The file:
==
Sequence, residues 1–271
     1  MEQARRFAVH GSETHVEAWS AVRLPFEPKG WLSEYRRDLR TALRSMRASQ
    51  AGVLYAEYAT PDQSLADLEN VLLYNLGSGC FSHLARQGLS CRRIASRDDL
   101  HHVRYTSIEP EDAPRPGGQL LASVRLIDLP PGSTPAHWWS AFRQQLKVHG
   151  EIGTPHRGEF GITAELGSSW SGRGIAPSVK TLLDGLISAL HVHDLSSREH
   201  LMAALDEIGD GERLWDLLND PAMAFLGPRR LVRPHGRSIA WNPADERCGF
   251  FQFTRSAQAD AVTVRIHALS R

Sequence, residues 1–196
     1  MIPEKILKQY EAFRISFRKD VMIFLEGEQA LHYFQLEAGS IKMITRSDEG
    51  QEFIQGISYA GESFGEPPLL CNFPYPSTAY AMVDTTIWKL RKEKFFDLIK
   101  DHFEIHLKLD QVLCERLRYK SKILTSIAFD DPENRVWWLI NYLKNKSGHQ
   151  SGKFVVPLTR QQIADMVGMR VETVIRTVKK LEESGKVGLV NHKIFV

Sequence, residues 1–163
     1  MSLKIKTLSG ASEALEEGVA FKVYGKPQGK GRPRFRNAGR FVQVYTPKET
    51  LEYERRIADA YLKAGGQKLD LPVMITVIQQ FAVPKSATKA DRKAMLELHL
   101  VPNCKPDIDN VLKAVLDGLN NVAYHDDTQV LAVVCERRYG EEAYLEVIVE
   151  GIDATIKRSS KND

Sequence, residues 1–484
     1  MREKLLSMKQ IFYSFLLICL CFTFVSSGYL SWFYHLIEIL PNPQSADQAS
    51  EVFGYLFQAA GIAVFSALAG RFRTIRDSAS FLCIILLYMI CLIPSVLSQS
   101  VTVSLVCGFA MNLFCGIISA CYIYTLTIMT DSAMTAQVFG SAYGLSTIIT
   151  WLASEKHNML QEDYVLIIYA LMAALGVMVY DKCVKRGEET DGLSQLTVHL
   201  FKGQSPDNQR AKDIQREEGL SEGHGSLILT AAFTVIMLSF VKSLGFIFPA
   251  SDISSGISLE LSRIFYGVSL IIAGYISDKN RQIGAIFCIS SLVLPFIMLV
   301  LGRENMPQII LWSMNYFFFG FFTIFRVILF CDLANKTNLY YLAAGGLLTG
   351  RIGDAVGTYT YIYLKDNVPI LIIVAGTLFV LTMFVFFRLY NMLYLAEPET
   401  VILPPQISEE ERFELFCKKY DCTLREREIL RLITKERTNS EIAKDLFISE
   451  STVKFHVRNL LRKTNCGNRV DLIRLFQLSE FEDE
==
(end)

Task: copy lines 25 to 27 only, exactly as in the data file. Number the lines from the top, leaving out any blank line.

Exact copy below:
   301  LGRENMPQII LWSMNYFFFG FFTIFRVILF CDLANKTNLY YLAAGGLLTG
   351  RIGDAVGTYT YIYLKDNVPI LIIVAGTLFV LTMFVFFRLY NMLYLAEPET
   401  VILPPQISEE ERFELFCKKY DCTLREREIL RLITKERTNS EIAKDLFISE